Three hours into the first public meeting called to discuss the recommended closure of Sarnia Collegiate, Gavin Hall couldn’t take it anymore.
“Let’s hear from the crowd,” he demanded, jumping to his feet. “This is all window dressing.”
Hall, who graduated from Sarnia Collegiate and taught there for 29 years, had sat patiently with about 150 other parents, students and teachers waiting to speak.
But administrators with the Lambton Kent District School Board spent the bulk of the long meeting repeating their financial case for closing SCITS (Sarnia Collegiate) and moving its students to St. Clair Secondary School.
“You’ve made your decision already,” Hall charged, standing in front of board staff and members of the Accommodation Review Committee (ARC).
“You don’t talk about what’s good about SCITS … and you say you’re going to build a theatre at St. Clair if you get approval for $14 million.
“That’s pie in the sky,” said a frustrated Hall.
When the meeting in St. Clair’s gym was finally turned over to the public, about a dozen people spoke, all pleading to maintain SCITS. Several suggested both schools could remain open if the board shifted Grades 7 & 8 to the high schools.
“Why rush a closure?” asked parent Jennifer George, whose daughter Mackenzie started a SAVE SCITS Facebook page with nearly 2,400 supporters.
“We’ll lose our superior machine shop, our auditorium and stage, as well as the pool.”
Business superintendent Brian McKay said the board intends to apply to the Ministry of Education for $14 million to upgrade St. Clair and add amenities now offered at SCITS.
But approval won’t arrive for that funding until this fall at the earliest. If trustees decide to close SCITS when they vote on April 26, they must make that decision before knowing if funds are available for capital upgrades to St. Clair. And St. Clair students will have already transferred to SCITS in September to make way for year-long renovations at St. Clair.
“So that provincial funding is a big ‘if’,” said George.
McKay said some limited renovations can go ahead with money the board has set aside.
“Why don’t you just delay this accommodation review until funding guarantees are made?” George asked. Her comments were met with applause from the audience.
“Not one of you has mentioned the historical significance of SCITS. Why not?” parent Rebecca Horner asked.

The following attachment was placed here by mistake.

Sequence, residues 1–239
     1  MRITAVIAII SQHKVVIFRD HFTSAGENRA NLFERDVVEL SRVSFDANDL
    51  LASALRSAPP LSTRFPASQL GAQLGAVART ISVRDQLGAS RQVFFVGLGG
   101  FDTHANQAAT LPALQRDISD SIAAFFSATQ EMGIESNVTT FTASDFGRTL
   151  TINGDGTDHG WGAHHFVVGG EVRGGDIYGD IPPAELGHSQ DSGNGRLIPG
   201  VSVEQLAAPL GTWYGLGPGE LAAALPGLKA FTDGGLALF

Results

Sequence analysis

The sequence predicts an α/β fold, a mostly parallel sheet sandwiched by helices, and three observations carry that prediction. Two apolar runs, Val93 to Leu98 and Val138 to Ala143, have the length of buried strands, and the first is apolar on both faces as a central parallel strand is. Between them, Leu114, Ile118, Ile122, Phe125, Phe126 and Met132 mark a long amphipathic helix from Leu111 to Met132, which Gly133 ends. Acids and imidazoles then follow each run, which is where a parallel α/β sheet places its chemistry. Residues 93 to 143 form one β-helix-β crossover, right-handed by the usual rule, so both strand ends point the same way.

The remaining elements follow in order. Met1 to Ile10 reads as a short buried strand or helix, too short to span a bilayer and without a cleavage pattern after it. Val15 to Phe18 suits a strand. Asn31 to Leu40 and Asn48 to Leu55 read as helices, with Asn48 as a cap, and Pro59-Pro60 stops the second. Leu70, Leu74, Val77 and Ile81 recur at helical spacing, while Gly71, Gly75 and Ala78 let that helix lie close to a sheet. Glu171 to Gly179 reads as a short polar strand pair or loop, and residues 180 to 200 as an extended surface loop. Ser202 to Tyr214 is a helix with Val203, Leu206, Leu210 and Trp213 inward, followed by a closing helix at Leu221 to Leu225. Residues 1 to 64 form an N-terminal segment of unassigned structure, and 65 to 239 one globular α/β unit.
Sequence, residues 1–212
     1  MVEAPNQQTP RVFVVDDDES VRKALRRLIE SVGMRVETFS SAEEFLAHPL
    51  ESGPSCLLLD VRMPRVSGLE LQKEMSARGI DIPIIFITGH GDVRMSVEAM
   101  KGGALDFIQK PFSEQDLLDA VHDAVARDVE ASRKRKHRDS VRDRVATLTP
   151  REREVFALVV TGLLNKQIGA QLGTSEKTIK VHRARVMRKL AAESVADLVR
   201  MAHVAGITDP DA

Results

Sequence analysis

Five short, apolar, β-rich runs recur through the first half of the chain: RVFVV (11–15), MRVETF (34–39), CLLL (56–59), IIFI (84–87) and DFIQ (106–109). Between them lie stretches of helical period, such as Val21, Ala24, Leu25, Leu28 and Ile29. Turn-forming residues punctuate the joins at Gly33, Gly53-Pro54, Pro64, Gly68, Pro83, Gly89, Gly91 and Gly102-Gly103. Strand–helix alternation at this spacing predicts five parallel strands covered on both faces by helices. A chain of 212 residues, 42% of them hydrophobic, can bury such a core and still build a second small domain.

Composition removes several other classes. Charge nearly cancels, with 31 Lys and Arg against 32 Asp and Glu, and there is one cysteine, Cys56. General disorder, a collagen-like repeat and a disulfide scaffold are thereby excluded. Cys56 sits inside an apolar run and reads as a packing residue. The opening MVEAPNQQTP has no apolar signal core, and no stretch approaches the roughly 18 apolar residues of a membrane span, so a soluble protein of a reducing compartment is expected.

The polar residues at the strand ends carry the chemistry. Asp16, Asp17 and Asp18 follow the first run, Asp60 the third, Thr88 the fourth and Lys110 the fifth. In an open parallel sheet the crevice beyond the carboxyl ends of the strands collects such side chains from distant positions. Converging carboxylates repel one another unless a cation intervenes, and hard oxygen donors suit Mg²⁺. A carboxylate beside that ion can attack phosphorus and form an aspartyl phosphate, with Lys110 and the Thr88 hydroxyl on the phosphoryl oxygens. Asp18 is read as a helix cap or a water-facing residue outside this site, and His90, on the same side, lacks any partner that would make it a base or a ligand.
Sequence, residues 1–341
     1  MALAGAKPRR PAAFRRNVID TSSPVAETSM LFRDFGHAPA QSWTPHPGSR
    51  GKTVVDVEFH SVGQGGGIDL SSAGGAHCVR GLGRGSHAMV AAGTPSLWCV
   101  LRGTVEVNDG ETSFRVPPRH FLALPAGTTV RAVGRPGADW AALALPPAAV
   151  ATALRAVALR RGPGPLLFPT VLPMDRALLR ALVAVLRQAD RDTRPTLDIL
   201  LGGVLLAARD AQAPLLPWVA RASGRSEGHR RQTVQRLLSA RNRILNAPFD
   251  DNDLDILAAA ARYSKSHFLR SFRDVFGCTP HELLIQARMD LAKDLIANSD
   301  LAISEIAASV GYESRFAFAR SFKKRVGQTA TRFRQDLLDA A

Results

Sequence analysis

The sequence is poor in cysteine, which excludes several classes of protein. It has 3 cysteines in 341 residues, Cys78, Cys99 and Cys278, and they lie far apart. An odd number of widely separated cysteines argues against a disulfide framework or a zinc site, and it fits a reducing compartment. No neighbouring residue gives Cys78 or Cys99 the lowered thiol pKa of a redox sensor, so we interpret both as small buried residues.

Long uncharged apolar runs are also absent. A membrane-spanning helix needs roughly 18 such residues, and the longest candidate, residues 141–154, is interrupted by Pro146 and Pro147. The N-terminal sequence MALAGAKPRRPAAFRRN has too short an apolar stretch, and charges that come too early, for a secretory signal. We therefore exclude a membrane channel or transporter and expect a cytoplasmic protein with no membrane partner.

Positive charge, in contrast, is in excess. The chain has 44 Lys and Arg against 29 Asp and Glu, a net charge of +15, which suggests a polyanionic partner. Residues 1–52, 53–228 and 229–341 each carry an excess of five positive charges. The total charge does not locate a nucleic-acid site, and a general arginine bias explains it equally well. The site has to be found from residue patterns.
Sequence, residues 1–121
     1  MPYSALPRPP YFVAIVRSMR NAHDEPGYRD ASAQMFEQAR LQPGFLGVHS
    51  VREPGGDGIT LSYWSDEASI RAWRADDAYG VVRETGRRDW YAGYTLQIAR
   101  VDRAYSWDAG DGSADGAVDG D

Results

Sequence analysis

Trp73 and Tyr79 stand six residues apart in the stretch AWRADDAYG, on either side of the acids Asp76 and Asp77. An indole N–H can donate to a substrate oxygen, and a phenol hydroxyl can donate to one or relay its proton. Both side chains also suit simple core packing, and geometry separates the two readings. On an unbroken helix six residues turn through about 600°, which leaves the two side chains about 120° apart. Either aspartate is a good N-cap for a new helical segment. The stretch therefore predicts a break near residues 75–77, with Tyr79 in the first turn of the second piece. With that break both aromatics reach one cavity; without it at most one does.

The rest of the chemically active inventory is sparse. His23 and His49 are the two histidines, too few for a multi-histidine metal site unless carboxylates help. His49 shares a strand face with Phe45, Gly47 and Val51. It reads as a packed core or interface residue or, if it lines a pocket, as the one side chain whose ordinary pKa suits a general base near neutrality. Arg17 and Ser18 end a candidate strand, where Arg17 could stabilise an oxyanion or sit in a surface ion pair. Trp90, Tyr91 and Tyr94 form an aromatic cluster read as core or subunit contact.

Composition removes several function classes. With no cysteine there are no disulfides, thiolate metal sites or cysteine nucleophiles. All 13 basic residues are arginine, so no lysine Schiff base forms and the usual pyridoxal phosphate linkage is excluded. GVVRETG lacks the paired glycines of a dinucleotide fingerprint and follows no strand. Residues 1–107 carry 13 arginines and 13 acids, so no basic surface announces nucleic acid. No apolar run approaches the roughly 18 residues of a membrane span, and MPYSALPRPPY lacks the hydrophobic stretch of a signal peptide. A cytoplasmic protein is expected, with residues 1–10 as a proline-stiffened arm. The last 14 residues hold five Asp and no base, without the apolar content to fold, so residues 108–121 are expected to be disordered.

The board believes $1.1 million can be saved annually by closing SCITS, but Horner asked if officials have factored in the cost of maintaining a vacant building.
“No,” admitted McKay.
“Finally, we get an answer,” Horner shot back.
SCITS student Reena Herbstreit, 16, stood before the microphone to ask if the administration, which is recommending the consolidation, has considered its impact on Mitton Village and downtown businesses.
“How can you justify moving our school from downtown when we’re trying to bring new life to that part of the city?” asked Herbstreit.
“There’s no question the health of the downtown is a concern for all of Sarnia,” answered Gary Girardi, superintendent of education in charge of capital planning.
“…But I don’t think that coincides with our objectives.”
Later, Herbstreit said she is afraid the decision to close SCITS was made before the ARC launched its two public meetings. The ARC cannot make recommendations but can suggest other options before the April 26 vote.
“We won’t go down without a fight,” Herbstreit said.
SCITS students and parents sitting on ARC questioned why the board hasn’t spent more to maintain SCITS in recent years.
“Have you purposely neglected SCITS?” asked parent Mary Ethier. “I can’t imagine the province would be in favour of abandoning a building (like SCITS).”
Sarnia Collegiate is the city’s oldest high school. It was built 94 years ago for 1,050 students. Enrolment is currently 564 and is expected to continue declining.
St. Clair is three kilometres away and was built in 1961. It can accommodate 1,197 and has enrolment of 567 students. St. Clair also faces shrinking numbers if nothing changes.
The principals from both schools pointed to the difference in utility costs, which amount to $324,000 a year at SCITS and $184,000 at St. Clair.
Busing changes after consolidation will bring “minor cost increases” if SCITS closes and boundaries switch, the crowd was told.
A new boundary line at Highway 402 will mean Point Edward students will attend Northern.
“I want to hear your rationale for playing into this north/south divide,” said Ethier who represents SCITS on the ARC. “You know what I’m talking about.”
She later suggested closing SCITS could create a slum area.
“The 402 is a natural divide,” said Girardi. “The map reflects where parents are already moving their children.”
After the meeting, George said it may feel like the board decision is all but made, however, she is going to rally more support for the next and final public meeting on March 8 at SCITS.
“The only way to change their minds is with a new, concrete option like bringing Grades 7 and 8 to the high schools,” she said. “It might save both schools.”
Meanwhile, the public can make inquiries or comment online at [email protected].